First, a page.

Sex Toys, Wellness, & Why Ovid was a Gross Jerk

POST UPDATE  AUGUST 20, 2020: At the time this post was originally written, the toys for this collection were provided by a company called They no longer offer the toys in this collection.

Content Warning: This stop on the EroticAdventure touches on rape as Ovid describes it in the first poem of “The Art of Love.” Please protect yourself.

Good Monday, My Beauties,

It’s rainy and 41-degrees here in Ohio, which is the pinnacle of weird because last week we were experiencing Hoth-like levels of frigidness. While the weather has been bouncing around like a 13-year-old with a crush, I’ve been working on my plans for world domination one literary orgasm at a time.

Without much ado, allow me to share some exciting news and explain why Ovid was a gross jerk.

The EroticAdventure Week 5 or Ovid was a Gross Jerk

Book: “The Art of Love” by Ovid, David Malouf (Introduction), James Michie(Translator)

Remember last week when I said I knew I was going to find something problematic in the epic poems that make up Ovid’s “The Art of Love”?
Yup, so that happened.

Am I psychic? I wish. Alas, I have no powers, I just figured that if, as humans, we’re still struggling with concepts like consent and sexual affirmation, then someone writing 2,000+ years ago might have some troubling ideas.

How-dee-do, was I right.

Picture this, I’m reading along, minding my own business. James Michie’s translation is playful and light-hearted. He translated the whole shebang in rhyming couplets for fuck’s sake. I’m about half-way through the first book and Ovid is waxing poetic about places to pick up women (I wasn’t kidding when I called this an ancient guide on how to get laid).
Anywho…Ovid starts in on the theatre as fertile ground to scope out ladies:

“ Above all, comb the curved theatre—that’s the place
Richest in spoils of the sexual chase.”

Excerpt From: Ovid, James Michie & David Malouf. “The Art of Love,” p. 40,  Apple Books.  

Catchy, huh? I’m down with going to the theatre. But then Ovid ruins it for modern readers, or you know, any reader who knows that abduction and rape are wrong. He talks about how all-fired awesome the theatre was in the Roman myth of Romulus and the Rape of Sabine Women.

Cue the sound of a record screeching to a stop.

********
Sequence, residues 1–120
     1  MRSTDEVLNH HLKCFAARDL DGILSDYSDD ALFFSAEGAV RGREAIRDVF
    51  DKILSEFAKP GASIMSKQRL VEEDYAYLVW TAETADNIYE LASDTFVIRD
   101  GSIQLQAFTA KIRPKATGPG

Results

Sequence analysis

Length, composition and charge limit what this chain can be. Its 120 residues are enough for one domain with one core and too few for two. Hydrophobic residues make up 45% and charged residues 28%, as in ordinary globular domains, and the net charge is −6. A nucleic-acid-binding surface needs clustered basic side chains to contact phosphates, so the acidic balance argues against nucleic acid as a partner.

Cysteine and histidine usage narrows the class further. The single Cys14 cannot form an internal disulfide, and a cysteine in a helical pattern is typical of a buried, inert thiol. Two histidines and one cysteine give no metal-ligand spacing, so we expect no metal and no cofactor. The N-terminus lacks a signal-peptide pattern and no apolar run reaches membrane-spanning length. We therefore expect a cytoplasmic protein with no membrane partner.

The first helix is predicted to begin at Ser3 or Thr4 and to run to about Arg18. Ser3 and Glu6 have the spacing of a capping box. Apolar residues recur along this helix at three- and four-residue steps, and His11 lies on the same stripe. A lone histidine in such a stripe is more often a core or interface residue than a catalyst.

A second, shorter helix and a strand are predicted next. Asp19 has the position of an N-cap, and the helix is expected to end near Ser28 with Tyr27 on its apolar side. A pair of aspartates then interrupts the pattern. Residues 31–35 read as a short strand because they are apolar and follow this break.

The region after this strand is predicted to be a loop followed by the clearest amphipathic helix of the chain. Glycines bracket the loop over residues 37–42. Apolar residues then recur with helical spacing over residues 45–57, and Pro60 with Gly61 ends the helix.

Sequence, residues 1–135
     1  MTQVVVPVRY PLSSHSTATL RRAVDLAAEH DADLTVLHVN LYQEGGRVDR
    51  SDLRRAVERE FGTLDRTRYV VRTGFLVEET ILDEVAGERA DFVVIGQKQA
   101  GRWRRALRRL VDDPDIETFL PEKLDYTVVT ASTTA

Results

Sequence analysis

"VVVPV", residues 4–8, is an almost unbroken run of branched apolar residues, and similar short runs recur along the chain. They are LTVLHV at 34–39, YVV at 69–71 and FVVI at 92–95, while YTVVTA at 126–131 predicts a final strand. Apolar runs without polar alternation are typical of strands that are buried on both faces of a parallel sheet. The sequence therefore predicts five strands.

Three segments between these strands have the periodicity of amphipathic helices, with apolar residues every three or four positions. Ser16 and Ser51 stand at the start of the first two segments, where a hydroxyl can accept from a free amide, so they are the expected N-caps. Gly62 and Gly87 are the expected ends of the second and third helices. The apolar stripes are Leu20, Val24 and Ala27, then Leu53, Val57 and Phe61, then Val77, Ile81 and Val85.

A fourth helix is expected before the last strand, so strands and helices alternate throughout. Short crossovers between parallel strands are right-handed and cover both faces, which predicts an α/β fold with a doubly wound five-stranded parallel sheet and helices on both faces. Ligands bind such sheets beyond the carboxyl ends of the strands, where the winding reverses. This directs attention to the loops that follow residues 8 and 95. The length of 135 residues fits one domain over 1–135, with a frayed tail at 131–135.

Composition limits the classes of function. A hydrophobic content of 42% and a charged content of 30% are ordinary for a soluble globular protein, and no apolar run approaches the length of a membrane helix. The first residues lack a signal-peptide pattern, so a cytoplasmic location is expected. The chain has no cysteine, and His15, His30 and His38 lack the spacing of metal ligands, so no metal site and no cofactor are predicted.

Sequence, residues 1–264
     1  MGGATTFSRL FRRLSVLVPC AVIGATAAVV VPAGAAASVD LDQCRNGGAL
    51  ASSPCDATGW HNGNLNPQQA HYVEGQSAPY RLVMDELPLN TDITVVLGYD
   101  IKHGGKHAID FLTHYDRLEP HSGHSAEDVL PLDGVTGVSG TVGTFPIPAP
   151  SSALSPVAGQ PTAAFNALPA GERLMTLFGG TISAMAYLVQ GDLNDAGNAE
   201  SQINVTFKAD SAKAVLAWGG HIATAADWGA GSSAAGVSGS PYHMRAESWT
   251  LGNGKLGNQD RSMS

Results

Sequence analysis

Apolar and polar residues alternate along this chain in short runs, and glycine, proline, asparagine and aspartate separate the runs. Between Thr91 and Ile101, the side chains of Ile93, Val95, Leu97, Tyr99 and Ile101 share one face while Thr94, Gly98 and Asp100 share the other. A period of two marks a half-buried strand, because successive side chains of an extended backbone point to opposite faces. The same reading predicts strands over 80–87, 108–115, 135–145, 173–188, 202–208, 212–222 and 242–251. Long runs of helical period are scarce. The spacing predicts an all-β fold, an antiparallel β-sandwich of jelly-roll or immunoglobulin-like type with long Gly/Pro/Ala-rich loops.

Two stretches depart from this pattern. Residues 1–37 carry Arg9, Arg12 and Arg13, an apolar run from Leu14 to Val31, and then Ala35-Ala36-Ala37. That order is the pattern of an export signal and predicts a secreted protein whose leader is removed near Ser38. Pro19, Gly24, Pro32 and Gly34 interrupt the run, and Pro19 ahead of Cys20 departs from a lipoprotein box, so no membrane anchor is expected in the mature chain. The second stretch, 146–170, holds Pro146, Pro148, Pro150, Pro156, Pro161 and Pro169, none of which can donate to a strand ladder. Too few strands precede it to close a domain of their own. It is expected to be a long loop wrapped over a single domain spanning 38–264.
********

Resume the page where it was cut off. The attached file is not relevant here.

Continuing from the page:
The story goes that Romulus and his followers (the original Incels, as it turns out) needed wives and no one would marry them. Go figure? Romulus, a creative, rapey, cretin decided to hold a festival and invited neighboring cities, like Sabine, to participate. Romulus waited until the festival was underway and then gave his followers a signal, after which they abducted and raped the performers.

And what does Ovid say about this fuckery?

“….Romulus, you found the right reward
For soldiers—for that I’ll enlist myself, with a sword!
Since then time-honoured custom has made our Roman
Theatres danger spots for pretty women.”

Excerpt From: Ovid, James Michie & David Malouf. “The Art of Love,” p. 43, Apple Books.

What the actual fuck?

Hold up now, before you @ and email me with “actually, you can’t judge an ancient culture by today’s moral standards…” let me give you some advice.
Don’t do that.

First, I’ll ignore you, your argument is invalid, because second, rape, like murder, is wrong. It always has been. There’s never been a time when forcing someone to have sex against their will was hunky-dory. It’s why, in the myth, Romulus sets up a fake festival to trick women into coming. Not many folks are going to sign up to be kidnapped, violated, and then married to their rapist.

The way ancient civilizations viewed rape and women’s agency over their bodies was screwed up. Social evolution and our collective understanding of the self is what has changed (-ish). If there’s anything that #metoo has pointed out, it’s that there are plenty of folks out there who hold the same atrocious and disgusting ideas about women & agency as their mythical buddy, Romulus.

In honor of Black History Month, I want to give a shout out to activist and ferocious warrior, Tarana Burke, who started the #metoo movement over a decade ago. If you haven’t done it yet, check out her website, a space dedicated to supporting survivors of sexual violence. Emphasis on SURVIVORS.

Also, if rape fantasy is your thing, I’m not kink-shaming you. Please don’t hear that, because I’m not referring to safe, sane, and consensual (SSC) or risk accepted consensual kink (RACK) scenes that are negotiated between adults. I’m referring to the ideas spouted by folks like the US President (I can’t even say his name, lest I suffer a rage-storm that will devour my morning), who believes it’s okay to grab women’s vaginas without consent.

And by creatures like the growing cadre of Incels who espouse some truly frightening beliefs about women.  Wonkette contributor, Robyn Pennacchia summarized the ugliness I’m talking about in her wrap-up of 2018, “The Year in Garbage Men. In So Many, Many Garbage Men.”

Ugh. I’ll have my final thoughts on Ovid next week and check-in with the next book Petronius’ “The Satyricon.” 

Be Well and Be Wonderful.

IMAGE CREDIT: Your own sweet Anne Stagg. Taken in November 2010, Piazza della Signoria, Loggia dei Lanzi, Florence, Italy. Detail of “The Rape of the Sabine Women” by Giambologna, 1574 to 1582.


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